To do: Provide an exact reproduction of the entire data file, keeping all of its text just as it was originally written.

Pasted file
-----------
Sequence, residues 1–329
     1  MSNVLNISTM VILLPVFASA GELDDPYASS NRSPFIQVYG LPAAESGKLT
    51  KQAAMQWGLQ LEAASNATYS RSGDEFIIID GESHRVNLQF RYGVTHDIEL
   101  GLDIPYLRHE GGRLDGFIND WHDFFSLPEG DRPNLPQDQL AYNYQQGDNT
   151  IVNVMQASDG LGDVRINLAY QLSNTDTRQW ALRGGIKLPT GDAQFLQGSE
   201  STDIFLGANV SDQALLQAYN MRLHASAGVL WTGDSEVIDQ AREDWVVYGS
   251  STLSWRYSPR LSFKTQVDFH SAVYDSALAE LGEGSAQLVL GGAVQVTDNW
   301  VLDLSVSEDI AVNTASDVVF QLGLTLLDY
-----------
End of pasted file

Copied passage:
Sequence, residues 1–329
     1  MSNVLNISTM VILLPVFASA GELDDPYASS NRSPFIQVYG LPAAESGKLT
    51  KQAAMQWGLQ LEAASNATYS RSGDEFIIID GESHRVNLQF RYGVTHDIEL
   101  GLDIPYLRHE GGRLDGFIND WHDFFSLPEG DRPNLPQDQL AYNYQQGDNT
   151  IVNVMQASDG LGDVRINLAY QLSNTDTRQW ALRGGIKLPT GDAQFLQGSE
   201  STDIFLGANV SDQALLQAYN MRLHASAGVL WTGDSEVIDQ AREDWVVYGS
   251  STLSWRYSPR LSFKTQVDFH SAVYDSALAE LGEGSAQLVL GGAVQVTDNW
   301  VLDLSVSEDI AVNTASDVVF QLGLTLLDY